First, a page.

I have known Rosemary for nearly thirty years. Her twins, Mary and Anna, and my daughter, Rachel, were born in 1988, the same year we met while waddling our pregnant bodies around the circle of our Colchester, Vermont neighborhood. My three-year-old son, Ben, rode around us on his Hot Wheel as we discussed our due dates, our swollen bodies, and our insatiable appetites. Her husband, Hugh, persuaded my husband, Tom, to begin racing bicycles. It was a couple’s match made in heaven.
Fast forward to 2002. By then, the Rawlins had moved from Vermont to Virginia, our children were no longer babies, and our husbands were in the best shapes of their lives as racers. Rosemary and I talked nearly every day, keeping the friendship alive with our worldviews, our angst about the teenage girls we were raising, and how our next visit was fast approaching. My daughter, Rachel, and I had plane tickets for our trip to Richmond over the girls’ April vacation.
One week before our journey, Rosemary called me with the news that Hugh had been struck by a car, that he was in a coma, and she had no idea if he would survive. It was a desperate and emotional call, and I had no intention of canceling my trip south because I knew she needed help. Rachel and I boarded the plane. I was a bundle of nerves wondering what I would encounter. Rachel was quiet, a rarity for a thirteen-year-old, probably aware of my unspoken fears. She was excited to see Anna and Mary, but worried about them, too.
As you all know, Hugh has recovered and to this day, welcomes us with open arms when we visit, ready for a bike ride with Tom.
In the years since the accident, I have learned some valuable lessons about watching a dear and loving friend experience a traumatic event and who ultimately became a caregiver without warning. Here are five lessons that I learned while trying to help Rosemary.
- Be there. Listen to her fears. Cry with her. Moreover, when possible, laugh with her. I remember a night two days after we arrived in Richmond. The girls were putting on a musical for us, Rosemary and I were drinking wine, and she doubted she would be able to continue writing résumés for her business. The messages on the answering machine piled up with people wondering if she was open or if she had completed their résumé. I told her, “How about your voice on the answering machine saying, ‘My husband is in a coma right now, but if you keep calling and leaving your number, I’m sure to get back to you soon.’” We had a good laugh and then she did put a more professional message on the machine to quell the calls. Sometimes a caregiver needs help simplifying her life.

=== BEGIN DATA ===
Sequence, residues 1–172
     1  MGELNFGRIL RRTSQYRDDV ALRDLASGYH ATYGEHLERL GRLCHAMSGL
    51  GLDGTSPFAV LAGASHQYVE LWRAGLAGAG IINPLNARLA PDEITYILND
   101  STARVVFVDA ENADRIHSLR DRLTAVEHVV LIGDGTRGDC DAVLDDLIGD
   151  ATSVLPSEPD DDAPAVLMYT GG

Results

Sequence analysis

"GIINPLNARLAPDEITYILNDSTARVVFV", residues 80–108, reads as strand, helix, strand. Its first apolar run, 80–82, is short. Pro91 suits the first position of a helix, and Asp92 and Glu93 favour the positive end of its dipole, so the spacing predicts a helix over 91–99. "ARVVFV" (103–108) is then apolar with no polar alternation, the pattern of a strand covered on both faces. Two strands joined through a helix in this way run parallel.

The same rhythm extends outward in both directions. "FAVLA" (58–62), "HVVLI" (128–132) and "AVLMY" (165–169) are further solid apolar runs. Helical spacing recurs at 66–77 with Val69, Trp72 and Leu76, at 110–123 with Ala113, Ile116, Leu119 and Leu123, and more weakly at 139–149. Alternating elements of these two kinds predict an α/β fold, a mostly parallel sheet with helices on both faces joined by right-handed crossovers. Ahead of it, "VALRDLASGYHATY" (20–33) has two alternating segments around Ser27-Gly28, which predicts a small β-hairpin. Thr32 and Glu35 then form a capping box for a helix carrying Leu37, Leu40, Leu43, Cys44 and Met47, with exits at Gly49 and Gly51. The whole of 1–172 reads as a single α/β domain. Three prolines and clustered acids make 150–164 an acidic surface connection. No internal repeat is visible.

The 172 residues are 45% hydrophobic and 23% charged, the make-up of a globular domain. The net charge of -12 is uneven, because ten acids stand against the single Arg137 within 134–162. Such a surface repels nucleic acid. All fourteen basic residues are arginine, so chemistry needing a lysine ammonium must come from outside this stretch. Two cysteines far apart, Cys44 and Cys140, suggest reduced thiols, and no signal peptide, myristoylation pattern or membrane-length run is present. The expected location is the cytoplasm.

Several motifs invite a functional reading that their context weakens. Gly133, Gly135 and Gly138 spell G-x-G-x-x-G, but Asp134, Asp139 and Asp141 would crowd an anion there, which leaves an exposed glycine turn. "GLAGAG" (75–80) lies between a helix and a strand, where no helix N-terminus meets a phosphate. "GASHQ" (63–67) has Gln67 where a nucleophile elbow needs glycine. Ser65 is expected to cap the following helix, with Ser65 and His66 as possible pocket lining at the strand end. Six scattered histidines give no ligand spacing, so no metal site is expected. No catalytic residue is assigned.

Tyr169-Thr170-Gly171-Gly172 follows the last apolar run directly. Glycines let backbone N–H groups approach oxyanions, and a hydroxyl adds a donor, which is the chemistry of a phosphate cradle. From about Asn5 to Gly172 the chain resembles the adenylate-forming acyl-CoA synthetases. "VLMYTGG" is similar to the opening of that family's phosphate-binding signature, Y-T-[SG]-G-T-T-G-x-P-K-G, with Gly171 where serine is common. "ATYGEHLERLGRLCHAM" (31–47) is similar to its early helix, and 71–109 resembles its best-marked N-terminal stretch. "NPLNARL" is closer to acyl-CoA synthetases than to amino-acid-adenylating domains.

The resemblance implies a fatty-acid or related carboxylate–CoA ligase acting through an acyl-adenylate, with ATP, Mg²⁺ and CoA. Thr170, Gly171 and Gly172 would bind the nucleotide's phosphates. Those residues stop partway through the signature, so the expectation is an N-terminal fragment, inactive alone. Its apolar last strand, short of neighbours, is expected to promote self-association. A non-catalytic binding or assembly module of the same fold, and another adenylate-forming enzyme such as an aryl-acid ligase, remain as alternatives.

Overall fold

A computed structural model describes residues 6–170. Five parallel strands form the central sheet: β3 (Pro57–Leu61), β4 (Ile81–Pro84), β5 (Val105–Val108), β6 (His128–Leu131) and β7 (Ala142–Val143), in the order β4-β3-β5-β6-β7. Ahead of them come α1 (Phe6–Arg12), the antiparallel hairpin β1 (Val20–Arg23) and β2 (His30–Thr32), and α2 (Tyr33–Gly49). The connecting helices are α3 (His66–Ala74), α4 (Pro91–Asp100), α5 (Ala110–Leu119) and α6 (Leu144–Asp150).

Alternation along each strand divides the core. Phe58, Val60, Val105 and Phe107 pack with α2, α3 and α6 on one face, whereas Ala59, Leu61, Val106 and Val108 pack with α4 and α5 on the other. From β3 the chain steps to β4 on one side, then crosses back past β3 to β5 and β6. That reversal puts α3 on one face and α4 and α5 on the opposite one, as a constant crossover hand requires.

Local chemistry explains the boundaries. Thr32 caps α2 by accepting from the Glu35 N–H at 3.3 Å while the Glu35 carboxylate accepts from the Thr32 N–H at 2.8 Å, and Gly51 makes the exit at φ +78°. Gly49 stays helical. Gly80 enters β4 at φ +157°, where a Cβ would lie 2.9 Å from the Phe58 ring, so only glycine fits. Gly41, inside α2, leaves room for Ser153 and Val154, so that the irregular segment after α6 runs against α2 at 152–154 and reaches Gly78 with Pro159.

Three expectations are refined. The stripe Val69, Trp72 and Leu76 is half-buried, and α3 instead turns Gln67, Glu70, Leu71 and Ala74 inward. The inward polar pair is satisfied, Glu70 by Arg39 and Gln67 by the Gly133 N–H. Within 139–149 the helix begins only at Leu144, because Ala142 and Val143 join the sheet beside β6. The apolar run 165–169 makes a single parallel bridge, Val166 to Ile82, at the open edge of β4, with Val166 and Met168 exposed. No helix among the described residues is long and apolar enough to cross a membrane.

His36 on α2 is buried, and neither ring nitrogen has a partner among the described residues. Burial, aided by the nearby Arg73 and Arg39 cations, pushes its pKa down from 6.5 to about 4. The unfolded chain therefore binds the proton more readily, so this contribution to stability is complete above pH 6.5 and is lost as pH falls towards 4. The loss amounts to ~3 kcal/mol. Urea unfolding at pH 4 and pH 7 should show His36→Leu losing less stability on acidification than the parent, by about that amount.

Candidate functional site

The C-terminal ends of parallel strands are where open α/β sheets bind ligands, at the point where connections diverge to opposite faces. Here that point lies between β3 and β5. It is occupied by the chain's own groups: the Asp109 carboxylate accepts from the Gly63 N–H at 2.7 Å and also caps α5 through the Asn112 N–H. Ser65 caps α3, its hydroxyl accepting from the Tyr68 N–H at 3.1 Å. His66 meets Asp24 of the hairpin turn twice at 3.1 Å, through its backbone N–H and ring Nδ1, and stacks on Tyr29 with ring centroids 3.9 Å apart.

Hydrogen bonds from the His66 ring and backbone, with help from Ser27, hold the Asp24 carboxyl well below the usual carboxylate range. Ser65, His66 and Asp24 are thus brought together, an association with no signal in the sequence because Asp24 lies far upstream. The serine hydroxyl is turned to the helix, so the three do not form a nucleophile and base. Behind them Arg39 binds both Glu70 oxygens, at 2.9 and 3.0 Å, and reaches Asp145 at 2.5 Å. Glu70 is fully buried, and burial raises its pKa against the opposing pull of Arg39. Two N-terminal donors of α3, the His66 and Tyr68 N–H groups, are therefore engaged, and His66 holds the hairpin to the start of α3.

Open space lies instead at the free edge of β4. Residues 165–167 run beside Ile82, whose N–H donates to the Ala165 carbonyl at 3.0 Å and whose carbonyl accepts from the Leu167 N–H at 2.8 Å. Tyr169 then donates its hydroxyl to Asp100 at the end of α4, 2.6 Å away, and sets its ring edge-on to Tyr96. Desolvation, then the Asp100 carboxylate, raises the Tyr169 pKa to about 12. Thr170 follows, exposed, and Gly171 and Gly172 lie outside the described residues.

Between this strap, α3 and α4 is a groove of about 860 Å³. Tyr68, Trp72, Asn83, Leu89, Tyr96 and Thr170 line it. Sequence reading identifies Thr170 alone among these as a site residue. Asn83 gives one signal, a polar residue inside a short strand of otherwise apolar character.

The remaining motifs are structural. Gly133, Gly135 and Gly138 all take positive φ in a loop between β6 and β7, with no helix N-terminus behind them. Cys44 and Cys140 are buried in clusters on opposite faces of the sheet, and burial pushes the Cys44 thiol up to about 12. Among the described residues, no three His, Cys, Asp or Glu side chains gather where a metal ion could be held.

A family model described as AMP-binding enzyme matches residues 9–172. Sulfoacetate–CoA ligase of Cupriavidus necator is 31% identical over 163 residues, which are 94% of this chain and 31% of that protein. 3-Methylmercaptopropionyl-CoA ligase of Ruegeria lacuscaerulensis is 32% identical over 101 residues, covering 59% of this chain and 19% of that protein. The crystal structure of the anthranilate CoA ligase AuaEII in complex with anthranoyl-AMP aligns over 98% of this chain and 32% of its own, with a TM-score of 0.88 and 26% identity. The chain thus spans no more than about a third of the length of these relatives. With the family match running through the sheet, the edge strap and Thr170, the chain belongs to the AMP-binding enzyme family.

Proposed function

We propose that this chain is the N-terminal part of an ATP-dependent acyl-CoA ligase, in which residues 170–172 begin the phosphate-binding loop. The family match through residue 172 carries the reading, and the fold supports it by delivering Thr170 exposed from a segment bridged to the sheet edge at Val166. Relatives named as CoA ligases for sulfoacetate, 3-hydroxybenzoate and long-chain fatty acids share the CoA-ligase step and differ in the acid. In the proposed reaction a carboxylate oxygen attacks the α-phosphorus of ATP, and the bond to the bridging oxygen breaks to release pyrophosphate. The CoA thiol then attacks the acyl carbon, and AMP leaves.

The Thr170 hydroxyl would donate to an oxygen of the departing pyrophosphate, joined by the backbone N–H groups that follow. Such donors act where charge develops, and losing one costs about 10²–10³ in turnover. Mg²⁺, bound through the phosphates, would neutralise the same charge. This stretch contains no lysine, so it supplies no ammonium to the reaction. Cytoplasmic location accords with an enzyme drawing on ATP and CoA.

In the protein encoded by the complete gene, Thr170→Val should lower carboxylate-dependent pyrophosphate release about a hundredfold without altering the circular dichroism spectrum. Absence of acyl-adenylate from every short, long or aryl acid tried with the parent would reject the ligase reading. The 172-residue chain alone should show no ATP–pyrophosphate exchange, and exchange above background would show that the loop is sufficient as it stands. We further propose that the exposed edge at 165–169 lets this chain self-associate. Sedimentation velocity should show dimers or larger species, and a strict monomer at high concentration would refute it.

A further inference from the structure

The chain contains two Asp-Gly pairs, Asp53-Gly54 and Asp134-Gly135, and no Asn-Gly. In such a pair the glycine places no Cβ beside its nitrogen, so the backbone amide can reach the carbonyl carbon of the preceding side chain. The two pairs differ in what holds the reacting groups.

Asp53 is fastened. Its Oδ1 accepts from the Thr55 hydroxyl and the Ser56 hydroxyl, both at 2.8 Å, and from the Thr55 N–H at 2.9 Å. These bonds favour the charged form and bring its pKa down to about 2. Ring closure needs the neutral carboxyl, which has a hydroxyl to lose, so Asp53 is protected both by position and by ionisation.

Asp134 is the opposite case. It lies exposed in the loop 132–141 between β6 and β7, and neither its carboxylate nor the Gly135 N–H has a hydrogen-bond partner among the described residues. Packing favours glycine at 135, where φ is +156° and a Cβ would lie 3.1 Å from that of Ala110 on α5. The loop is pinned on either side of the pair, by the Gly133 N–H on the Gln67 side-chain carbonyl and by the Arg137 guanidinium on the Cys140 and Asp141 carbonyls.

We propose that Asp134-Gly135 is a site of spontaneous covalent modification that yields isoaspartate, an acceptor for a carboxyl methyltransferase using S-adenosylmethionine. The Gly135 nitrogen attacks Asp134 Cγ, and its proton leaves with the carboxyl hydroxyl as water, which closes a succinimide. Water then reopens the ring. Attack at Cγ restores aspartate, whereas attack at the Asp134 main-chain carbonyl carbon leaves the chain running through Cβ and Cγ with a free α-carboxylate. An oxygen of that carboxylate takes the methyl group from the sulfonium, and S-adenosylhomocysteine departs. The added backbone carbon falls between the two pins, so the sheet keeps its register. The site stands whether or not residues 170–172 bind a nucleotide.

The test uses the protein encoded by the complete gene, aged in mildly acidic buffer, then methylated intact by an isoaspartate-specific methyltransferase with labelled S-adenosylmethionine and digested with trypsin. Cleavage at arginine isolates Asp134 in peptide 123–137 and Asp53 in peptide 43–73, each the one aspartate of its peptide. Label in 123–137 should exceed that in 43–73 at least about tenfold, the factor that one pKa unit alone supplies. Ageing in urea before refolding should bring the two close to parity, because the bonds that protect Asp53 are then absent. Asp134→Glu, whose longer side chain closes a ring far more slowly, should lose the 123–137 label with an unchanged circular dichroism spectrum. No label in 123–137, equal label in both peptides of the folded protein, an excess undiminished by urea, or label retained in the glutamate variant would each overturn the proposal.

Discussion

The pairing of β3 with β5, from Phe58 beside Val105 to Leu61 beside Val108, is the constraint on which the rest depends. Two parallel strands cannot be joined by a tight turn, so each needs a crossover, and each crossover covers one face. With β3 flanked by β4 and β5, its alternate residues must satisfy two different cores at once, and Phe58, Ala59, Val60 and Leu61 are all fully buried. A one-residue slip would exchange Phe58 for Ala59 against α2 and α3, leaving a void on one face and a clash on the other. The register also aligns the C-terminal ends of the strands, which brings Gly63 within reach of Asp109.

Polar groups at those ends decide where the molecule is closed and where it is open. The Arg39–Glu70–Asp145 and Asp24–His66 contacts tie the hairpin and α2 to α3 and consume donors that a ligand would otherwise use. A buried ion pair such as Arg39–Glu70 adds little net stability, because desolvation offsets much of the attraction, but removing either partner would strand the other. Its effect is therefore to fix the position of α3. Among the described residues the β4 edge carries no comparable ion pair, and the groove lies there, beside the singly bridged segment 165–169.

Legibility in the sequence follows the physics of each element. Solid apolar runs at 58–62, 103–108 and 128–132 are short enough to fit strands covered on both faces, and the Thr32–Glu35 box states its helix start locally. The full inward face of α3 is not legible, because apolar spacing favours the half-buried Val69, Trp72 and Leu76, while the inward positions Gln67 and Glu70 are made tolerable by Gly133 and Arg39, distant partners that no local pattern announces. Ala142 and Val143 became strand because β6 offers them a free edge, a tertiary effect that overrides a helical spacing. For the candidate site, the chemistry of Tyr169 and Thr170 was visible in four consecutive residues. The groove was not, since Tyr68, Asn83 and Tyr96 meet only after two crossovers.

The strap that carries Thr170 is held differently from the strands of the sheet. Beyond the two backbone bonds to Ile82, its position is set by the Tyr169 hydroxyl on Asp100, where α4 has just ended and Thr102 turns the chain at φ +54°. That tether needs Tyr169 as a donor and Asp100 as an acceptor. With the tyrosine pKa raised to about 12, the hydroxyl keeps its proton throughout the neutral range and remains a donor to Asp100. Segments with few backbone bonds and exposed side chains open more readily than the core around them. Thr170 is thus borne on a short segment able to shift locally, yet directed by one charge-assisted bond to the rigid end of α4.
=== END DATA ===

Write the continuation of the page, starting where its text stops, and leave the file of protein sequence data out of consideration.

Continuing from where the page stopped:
- Be there. Not everyone can handle the stress of watching a friend struggle with disaster. Sometimes, medical issues are hard to deal with because we are afraid of them. And sometimes, the issues bring us face to face with something in our lives that is tough to handle. No matter the reason, never feel guilty for not wanting to dive into the life of a caregiver. You can be supportive in other ways. Does the lawn need mowing or the snow need shoveling? Are the weeds in the garden threatening to take over the yard? Are the mail and the newspapers piling up, unnoticed? Be the unseen hero. Again, taking over these chores helps to simplify a caregiver’s life.
- Be there. Food is the one thing a stressed caregiver and her family will need but will not want to think about. That’s why caregivers often resort to fast-food. Start a food chain or just be one link. If the caregiver and the family can count on your mac and cheese every Wednesday night, their world gets a little bit less stressful. A few days into my visit with Rosemary, I made a pasta dish out of whatever was in the cupboard and the refrigerator. Apparently, it was the best food Rosemary ate, because to this day, she talks about it! Sometimes, the comfort we get from food is all we need at the moment.
- Be there. If the family has children, they are under tremendous stress, too. Their worry and their feelings often aren’t addressed in the tumult of the day. During our week in Richmond, and without the knowledge of the city (and before GPS was around), I drove three teenaged girls into town on a shopping trip. We laughed at crazy clothes we tried on, and they gave me the gift of levity. It was beneficial to us all. And for a couple of hours, Rosemary could concentrate solely on Hugh.
- Be there. When the patient comes home, we often think the family is whole again and we back away from helping. We are optimistic that all is “FINE,” But as we all know, FINE has its own definition. The caregiver will be f&*%ed up, insecure, neurotic, and emotional for a long time. Keep in touch. Keep the kids busy. Mow the lawn. And just maybe, make an impromptu casserole that will someday be the best meal they ever ate.